He was an unreliable narrator.
He started showing up late for chapters. Scenes would lurch into action without any preamble. Gorgeous or bleak scenery out the window went unremarked. Situations, histories, rivalries, marriages went unexplained.
The characters, missing his cue, became reticent, unsure of when to begin or how, but eventually, out of necessity, they learned to start without him and then, once started, to carry on, completing things a different way. (A few hardy souls came to prefer this newfound freedom. They discovered the confused magic of improvisation.)
Other times he showed up right on time but made little mistakes. He might repeat information, for example, gumming things up and slowing the pace. Or he changed the names of characters. The characters themselves didn’t seem to notice, greetings were exchanged as usual, plotlines flowed as expected, but now Lily was Lola, and two chapters later the Frenchman Pierre was an Englishman named Peter.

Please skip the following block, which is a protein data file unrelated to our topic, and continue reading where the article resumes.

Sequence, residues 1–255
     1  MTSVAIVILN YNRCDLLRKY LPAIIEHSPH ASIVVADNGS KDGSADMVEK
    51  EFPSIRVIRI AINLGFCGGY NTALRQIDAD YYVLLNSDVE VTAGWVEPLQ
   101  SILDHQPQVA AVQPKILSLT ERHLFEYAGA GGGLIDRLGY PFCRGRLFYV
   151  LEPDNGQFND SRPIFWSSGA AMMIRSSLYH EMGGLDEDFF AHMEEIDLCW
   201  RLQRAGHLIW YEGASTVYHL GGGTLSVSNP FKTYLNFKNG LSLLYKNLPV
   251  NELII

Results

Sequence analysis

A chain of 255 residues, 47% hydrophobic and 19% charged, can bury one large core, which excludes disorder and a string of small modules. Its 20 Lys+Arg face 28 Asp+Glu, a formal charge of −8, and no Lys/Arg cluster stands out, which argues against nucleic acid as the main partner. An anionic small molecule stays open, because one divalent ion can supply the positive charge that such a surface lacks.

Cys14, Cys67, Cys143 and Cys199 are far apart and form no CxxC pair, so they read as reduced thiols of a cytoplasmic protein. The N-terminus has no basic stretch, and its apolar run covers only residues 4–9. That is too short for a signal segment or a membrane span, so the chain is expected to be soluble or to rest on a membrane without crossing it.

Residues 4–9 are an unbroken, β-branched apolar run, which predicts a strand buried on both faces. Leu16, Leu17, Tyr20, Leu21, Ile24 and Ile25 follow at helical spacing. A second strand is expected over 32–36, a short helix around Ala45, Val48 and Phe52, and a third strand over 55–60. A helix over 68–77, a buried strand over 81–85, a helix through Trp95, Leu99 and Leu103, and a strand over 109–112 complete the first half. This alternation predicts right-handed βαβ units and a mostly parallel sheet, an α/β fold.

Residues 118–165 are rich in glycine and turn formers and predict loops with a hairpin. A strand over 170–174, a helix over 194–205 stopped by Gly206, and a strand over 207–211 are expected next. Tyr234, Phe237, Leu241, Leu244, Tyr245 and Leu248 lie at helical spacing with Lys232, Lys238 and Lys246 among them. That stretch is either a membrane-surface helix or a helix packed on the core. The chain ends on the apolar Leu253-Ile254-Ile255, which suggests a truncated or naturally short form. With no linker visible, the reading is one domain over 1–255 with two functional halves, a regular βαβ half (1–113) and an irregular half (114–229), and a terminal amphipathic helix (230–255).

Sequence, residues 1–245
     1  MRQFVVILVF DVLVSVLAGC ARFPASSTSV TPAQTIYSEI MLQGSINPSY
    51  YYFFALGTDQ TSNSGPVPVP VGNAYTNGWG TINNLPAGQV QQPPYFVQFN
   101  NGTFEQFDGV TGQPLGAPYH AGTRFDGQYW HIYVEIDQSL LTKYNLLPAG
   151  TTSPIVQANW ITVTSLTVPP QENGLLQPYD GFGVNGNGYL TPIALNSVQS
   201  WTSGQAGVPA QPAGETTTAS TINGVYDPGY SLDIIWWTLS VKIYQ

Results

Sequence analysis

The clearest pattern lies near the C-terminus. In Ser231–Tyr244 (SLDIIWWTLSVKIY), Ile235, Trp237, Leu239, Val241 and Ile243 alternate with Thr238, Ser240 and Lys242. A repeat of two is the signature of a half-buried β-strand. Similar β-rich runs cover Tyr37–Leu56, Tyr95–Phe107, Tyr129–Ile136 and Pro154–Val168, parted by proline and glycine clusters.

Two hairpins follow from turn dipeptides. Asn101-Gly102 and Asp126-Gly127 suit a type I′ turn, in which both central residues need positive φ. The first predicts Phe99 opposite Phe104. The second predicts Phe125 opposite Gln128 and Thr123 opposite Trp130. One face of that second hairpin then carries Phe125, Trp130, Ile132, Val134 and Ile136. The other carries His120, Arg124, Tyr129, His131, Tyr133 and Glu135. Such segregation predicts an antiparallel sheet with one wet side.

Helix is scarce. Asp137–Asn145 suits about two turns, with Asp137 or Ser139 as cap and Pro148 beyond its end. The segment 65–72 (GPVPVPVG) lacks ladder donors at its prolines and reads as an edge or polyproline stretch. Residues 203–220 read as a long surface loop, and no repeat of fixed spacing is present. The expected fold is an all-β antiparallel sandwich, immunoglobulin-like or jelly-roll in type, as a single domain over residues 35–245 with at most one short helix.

Very late in the book, the unreliable narrator disappeared altogether.
“It’s bad enough having no God,” purred one of the women, a jaded woman who had earned a Ph.D. studying literature, “but no God-like point-of-view, even someone omniscient enough to know how all this ends? Who knows what to pay attention to?”
Where was this guy? Moonlighting? Working two books? Three? Seven? Hundreds?
To answer that question would require a narrator for the narrator. “It’s turtles all the way down,” one of the characters remarked.
The woman with the Ph.D. nodded and set down her drink. Damn, she wanted a smoke. She stared hard at Peter, or was it Pierre, and wondered if he had a cigarette.
And he met her gaze—how?
We’ll never know. “I’ve been thinking about horses,” he said.